Understanding Culture, Motivation, and Ethnic Consumer Behavior

Understanding Culture, Motivation, and Ethnic Consumer Behavior

Fung Kuen Koo (University of Sydney, Australia) and Huong Le (Deakin University, Australia)
DOI: 10.4018/978-1-4666-6220-9.ch003


Understanding ethnic consumer behaviors through a case study of good practice and their innovative marketing strategies to ethnic consumers is important. Surprisingly, little has been done to discuss which practices and strategies may work best when marketing to ethnic consumers. This chapter presents a case study of the Immigration Museum (Melbourne, Australia) and how the organization uses strategies to promote their products and programs to ethnic consumers. The case study and in-depth interviews are the methods used. In this chapter, the authors argue that a combination of Alferder's and Schwartz's theoretical frameworks help museum marketers understand behaviors of ethnic groups, thereby using appropriate marketing strategies in encouraging their consumption. This chapter extends current marketing literature on consumers' motivation, drive, and needs, and non-profit marketing, and validates selected motivational theories. It also provides practical implications for marketers of non-profit organizations.
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Extant marketing literature shows a growing interest in understanding the relationship between culture and ethnic consumer behavior relating to a variety of products (Jamal, 2003; Jamal & Chapman, 2000; Pires & Stanton, 2000). However, the consumption of artistic products by ethnic groups remains relatively unexplored. In this chapter, we use a term ‘artistic products’ to refer to arts and cultural events, performances, exhibitions, objects, and literature which are created by artists based on their personal ideas and feelings. It is important to further understand this market given growing ethnic populations in many multicultural nations and their low consumption of many products previously identified.

Australia is one of the most ethnically diverse populations in the world (Willis & Elmer, 2011) with an increasing Asian population, approximately 44 percent of all Australians being either born overseas or having one of their parents who was born in another country (Australian Bureau of Statistics, 2006). Yet, scant research (see Australia Council, 2010; Le & Fujimoto, 2010, 2011) has investigated ethnic consumer behavior in the Australian context and challenges remain for non-profit organizations which are focused on bringing artistic and cultural products to consumers.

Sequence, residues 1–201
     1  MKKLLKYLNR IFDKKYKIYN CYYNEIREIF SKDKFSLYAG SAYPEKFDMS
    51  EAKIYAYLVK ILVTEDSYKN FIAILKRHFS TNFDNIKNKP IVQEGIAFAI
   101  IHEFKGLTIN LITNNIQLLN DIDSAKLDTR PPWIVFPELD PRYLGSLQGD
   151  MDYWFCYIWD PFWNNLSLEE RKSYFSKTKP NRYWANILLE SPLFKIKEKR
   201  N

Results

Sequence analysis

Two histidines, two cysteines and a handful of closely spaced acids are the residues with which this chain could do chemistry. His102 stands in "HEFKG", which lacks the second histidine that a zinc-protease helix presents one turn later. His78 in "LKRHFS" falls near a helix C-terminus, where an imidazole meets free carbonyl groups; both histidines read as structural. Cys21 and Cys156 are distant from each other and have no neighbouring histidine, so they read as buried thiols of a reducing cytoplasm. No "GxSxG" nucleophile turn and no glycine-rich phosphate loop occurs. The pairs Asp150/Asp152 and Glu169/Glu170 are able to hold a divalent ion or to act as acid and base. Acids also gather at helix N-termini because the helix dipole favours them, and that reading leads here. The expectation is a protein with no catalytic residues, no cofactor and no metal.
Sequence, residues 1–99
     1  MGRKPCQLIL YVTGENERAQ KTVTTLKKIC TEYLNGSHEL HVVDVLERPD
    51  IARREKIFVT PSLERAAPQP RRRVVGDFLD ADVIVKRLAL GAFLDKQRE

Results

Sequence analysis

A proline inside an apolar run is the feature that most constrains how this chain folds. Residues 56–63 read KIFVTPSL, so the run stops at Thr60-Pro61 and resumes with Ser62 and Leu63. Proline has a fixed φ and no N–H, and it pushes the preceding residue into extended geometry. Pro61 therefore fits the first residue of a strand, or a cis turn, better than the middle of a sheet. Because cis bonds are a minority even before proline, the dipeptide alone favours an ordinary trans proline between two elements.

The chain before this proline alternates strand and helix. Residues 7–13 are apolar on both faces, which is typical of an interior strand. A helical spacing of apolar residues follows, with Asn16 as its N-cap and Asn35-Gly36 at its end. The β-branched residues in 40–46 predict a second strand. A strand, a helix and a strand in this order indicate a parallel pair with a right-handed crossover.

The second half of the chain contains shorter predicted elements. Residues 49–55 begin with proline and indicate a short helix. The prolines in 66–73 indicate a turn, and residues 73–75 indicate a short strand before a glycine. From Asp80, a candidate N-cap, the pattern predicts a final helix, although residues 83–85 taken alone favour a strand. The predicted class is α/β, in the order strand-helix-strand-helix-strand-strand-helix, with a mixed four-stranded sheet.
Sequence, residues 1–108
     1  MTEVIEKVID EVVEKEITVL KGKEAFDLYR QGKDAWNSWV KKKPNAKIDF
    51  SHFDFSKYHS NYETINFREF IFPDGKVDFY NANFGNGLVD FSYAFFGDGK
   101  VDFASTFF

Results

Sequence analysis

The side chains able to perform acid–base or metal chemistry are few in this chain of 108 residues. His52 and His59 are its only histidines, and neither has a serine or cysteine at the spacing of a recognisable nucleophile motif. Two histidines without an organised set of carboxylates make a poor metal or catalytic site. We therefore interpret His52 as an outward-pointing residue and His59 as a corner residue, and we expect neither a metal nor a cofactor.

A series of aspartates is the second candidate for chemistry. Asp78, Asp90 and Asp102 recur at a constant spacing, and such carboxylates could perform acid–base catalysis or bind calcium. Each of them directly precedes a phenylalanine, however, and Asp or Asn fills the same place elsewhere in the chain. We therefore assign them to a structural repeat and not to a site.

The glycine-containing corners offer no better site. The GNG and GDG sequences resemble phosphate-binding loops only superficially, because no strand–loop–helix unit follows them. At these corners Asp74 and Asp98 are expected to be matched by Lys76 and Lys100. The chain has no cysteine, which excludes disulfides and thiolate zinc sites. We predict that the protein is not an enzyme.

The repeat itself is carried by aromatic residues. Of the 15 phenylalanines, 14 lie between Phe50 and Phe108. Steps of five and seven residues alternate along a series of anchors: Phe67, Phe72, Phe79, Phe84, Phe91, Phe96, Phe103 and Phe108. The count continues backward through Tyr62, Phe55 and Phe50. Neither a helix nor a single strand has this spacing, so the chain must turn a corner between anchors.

An ethnic group is any group which shares characteristics such as language, cultural origin, race and religion (Willis & Elmer, 2011). This group is a minority of the mainstream population. For example, in Australia ethnic groups can be migrants from culturally and linguistically diverse backgrounds or children of those migrants from Asia, Europe or Africa. However, within the scope of this chapter we will focus solely on Asian ethnic groups in Australia.

Understanding culture’s influence on consumer behavior has become essential for marketers (Jung & Kau, 2004). Marketing managers acknowledge the need to become oriented towards ethnic groups for continued success in the marketplace as the ethnic groups grow in size and in proportion to the dominant culture (Ogden, Ogden, & Schau, 2004). Sekhon and Szmigin (2009) emphasize it is important to understand the key characteristics of ethnic communities so that appropriate messages and relevant media choices can be used to target these markets. Many markets are culturally diverse, which means a number of ethnic groups coexist within the one national market (Pires & Stanton, 2000), making it more difficult for marketers to target ethnic consumers effectively.

As part of the service industry and/or the non-profit sector, it is possibly more challenging to attract ethnic consumers to artistic productions because of their intangible nature. This chapter focuses on understanding the motivations and needs of ethnic communities and marketing strategies to attract those communities in the context of the Immigration Museum (Melbourne, Australia). We argue that a combination of aspects of Alderfer’s (1969) and Schwartz’s (1994) frameworks help the Immigration museum marketers understand behaviors of ethnic consumers, thereby used appropriate marketing strategies in encouraging their consumption.

The research objectives of this chapter include:

  • Establishing the strategies used by the Immigration Museum to address needs and values of ethnic communities;

  • Establishing the needs and motivations of ethnic consumers who visit the Immigration Museum; and

  • Explaining the fit between the strategies and the needs/values of ethnic consumers in light of motivational theories and Schwartz’s motivational types of values.

The contributions of this chapter include: (1) extending current marketing literature on ethnic consumers’ motivation, drive and needs and non-profit marketing; (2) validating and extending selected motivational theories; and (3) providing practical implications for marketers of non-profit organizations.

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